• She was the artist in the adjoining pop-up, a young mother with impressionistic and intimate paintings of prairie flowers. She is quite multi-talented, for when a musician strolled through with his cart of instruments, she played a nice piece of a concerto on his violin as he joined in. Their playing was so welcomed on a hot afternoon after visiting with seemingly hundreds of would-be buyers. She sold a number of tee-shirts decorated with a collage of prairie flowers representing different areas of the state. “I’m now concentrating on pollinators,” she said. “My mother-in-law has a beautiful prairie where I get my inspiration. The more I’m there the more I see. You just can’t glance at a prairie and see the infinite and intimate details. I can sense that in that way we’re soul mates.”

I smiled. Much like the musician smiled as they played the concerto.

Exhibiting multi-talented artist Heather Friedli played a short concerto with a strolling musician.

• Driving back to Robbie’s farm late Sunday afternoon after packing up to return their borrowed chair and to pick up my belongings before the drive home, I passed Mariah’s little condo and remembered my late friend, Foster Hall. Foster, also an artist, often spoke of finding and marrying his “dream” of an “exotic” woman. Eventually he met and married a sweet, dark-complected Jewish girl from New Jersey with wild and frizzy hair who possessed a flair for adventure. She was indeed “exotic” to Foster, an only child of an older Sante Fe couple. Not long after their wedding he was diagnosed with ALS, and his decline was rapid and sure. We were visiting about six months after he’d lost he ability to walk, and several weeks before his death. No, you never really know what to say, or to talk about, so to fill the awkward spaces of silence I asked Foster about his dreams. “Running,” he said with drawn out effort, his words slurred by the disease. “All I ever dream about is running.” I wondered about Mariah’s dreams.

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Robbie’s little wren on the apex of the Shepherd’s crook.

• Robbie and Harland were sitting on their deck when I arrived late in the afternoon. “He’s still at it,” Harland said as I carried the chair up the hill and joined them for a few moments before starting for home. Sure enough, there on the Kon Tiki lantern was Robbie’s wren, tail angled at a sharp 45 degrees, as he tilted back with a song deep in his heart. Seconds later he flitted up to the apex of the Shepherd’s crook, his highest point of the many perches he preferred, looking this way and that, singing his song of the ages. I wondered why. I wondered how could he keep this up without seemingly ever stopping, day after day, all summer long. Was he singing a warning? Re-establishing on a constant basis that this beautiful deck surrounded by wood was indeed his marked territory? Or, perhaps, was he simply uncomfortable with silence?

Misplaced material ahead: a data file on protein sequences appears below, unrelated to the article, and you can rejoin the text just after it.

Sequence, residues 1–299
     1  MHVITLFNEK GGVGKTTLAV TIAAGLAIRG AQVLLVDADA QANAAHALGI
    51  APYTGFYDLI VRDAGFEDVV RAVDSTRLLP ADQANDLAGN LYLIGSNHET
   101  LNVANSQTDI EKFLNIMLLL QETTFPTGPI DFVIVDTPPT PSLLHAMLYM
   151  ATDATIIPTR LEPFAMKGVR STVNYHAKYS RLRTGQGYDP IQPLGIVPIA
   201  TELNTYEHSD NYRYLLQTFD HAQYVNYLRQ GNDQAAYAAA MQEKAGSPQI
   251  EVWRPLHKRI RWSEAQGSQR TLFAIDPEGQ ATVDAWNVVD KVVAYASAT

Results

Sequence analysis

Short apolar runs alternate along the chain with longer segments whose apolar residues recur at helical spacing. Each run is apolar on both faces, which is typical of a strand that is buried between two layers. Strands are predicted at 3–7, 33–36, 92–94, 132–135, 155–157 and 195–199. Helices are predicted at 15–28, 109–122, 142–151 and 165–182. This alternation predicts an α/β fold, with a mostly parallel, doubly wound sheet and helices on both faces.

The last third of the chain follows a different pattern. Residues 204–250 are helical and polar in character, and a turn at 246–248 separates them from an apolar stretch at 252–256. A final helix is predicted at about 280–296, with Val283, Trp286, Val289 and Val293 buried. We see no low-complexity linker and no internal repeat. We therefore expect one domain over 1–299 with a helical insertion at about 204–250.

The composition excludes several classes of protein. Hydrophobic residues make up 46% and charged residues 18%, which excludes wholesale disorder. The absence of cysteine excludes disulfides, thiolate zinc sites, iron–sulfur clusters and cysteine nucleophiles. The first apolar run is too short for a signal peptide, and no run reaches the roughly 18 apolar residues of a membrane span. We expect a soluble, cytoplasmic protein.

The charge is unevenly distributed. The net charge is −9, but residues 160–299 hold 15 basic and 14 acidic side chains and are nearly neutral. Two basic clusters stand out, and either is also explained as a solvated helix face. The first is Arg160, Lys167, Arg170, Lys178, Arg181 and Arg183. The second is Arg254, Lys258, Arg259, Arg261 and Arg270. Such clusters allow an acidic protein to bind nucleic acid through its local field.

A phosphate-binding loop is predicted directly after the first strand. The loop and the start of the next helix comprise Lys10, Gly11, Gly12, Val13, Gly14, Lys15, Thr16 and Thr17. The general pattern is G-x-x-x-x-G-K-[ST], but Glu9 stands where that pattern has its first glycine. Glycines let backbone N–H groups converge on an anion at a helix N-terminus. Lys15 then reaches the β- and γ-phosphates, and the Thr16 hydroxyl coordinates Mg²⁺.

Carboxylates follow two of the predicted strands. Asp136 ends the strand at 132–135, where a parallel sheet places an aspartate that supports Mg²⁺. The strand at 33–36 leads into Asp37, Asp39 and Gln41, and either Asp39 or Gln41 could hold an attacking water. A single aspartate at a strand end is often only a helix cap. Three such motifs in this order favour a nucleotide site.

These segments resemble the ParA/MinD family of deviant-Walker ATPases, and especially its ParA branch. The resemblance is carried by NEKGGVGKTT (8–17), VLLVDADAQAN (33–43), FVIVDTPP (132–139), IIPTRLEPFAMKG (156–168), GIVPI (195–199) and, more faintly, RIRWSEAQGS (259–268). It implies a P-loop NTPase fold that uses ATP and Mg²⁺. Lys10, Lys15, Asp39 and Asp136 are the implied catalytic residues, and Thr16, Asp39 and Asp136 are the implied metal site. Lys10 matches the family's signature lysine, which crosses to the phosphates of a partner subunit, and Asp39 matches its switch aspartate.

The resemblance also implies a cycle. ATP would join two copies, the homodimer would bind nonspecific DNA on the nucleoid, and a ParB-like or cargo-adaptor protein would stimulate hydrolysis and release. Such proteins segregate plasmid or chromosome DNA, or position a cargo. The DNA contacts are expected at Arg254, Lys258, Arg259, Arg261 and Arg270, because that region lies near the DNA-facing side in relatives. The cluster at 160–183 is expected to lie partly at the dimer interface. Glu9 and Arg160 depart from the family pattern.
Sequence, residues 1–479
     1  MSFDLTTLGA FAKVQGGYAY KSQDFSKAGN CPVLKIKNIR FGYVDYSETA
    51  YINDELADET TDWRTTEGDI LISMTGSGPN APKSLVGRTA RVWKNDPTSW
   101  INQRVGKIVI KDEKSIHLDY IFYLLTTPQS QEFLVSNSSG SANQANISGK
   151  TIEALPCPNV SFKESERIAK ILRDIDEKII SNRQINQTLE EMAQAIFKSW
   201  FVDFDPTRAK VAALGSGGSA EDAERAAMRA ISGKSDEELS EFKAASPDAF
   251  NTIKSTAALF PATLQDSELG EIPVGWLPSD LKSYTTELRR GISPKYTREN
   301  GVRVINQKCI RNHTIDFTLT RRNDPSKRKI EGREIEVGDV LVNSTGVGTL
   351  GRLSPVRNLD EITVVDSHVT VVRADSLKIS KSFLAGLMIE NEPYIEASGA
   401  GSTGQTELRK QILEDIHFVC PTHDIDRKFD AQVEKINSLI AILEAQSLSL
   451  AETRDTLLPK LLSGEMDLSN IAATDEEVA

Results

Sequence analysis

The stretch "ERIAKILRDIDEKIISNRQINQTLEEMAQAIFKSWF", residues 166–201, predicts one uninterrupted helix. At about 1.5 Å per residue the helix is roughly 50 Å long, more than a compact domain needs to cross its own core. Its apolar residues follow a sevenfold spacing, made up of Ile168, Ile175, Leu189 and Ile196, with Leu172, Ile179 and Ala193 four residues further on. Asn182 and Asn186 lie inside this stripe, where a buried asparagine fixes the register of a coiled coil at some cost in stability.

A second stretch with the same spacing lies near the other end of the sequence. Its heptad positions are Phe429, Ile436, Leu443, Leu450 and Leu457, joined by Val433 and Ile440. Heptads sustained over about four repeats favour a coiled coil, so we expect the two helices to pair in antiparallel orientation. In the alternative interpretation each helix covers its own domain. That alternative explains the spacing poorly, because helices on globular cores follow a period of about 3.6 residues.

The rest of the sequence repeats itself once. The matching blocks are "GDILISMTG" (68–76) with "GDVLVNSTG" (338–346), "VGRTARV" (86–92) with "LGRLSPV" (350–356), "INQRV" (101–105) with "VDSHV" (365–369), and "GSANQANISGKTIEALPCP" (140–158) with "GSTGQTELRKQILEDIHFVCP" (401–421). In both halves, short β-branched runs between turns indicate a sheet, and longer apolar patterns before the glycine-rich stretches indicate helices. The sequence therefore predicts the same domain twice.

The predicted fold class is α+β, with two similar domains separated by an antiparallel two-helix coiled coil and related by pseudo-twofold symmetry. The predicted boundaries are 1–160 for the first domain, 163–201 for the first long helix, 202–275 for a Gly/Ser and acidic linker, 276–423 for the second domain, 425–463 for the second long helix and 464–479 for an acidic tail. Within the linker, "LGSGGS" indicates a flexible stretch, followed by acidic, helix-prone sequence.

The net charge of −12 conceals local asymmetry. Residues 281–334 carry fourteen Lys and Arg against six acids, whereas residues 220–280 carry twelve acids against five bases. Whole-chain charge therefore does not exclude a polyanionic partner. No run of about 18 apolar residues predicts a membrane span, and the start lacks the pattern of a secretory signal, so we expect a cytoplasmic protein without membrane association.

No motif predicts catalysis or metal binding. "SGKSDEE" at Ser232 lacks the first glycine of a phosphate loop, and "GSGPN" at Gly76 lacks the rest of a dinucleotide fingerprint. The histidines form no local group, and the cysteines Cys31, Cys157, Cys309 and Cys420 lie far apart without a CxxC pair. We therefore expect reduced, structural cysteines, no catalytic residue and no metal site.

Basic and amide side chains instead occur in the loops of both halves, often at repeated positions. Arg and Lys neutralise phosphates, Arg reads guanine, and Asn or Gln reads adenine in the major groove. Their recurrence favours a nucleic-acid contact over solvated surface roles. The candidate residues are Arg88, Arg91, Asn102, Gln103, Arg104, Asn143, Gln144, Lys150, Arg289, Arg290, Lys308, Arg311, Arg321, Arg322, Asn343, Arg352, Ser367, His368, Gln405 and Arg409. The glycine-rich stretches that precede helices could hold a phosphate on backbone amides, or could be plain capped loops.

A Miscommunication?

Since I’m not a Gold Finch, I have no more love for thistles than many of my neighboring farmers despite the colorful purple blooms. There, the start of my story …

About this time a year ago an older man arrived in the farmyard with a threat: If I didn’t take control of those colorful blooming thistles in my restored native prairie I would be subject to both a fine and the cost of having the prairie mowed by an outsider. That’s where the SWCD man came through, for he convinced the County weed cop that the thistles would help provide necessary “fuel” for the proposed prairie burn we would do this following spring.

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The lush prairie in a sunset a few days before the cutting.

So the weed cop relented. And we had a very good prairie burn, and as happens following a burn, a gorgeous and lush regrowth of both forbs and grasses followed. Yes, and thistles. For a few weeks the eight acre restored prairie was a mixed blanket of purple and yellow, each providing color and background for the other. Indeed, after that initial growth a most colorful mixture of other prairie flowers began poking from the ground. Cone flowers. Different varieties of native wild clovers. Clumps of beebalm were scattered all through the emerging grasses. Big Bluestem was close to heading out, and there even were a few instances of its signature “turkey foot” seed head dancing in even the slightest breeze along the trails we have continued to cut through the upper and lower prairies. Yes, and the thistles.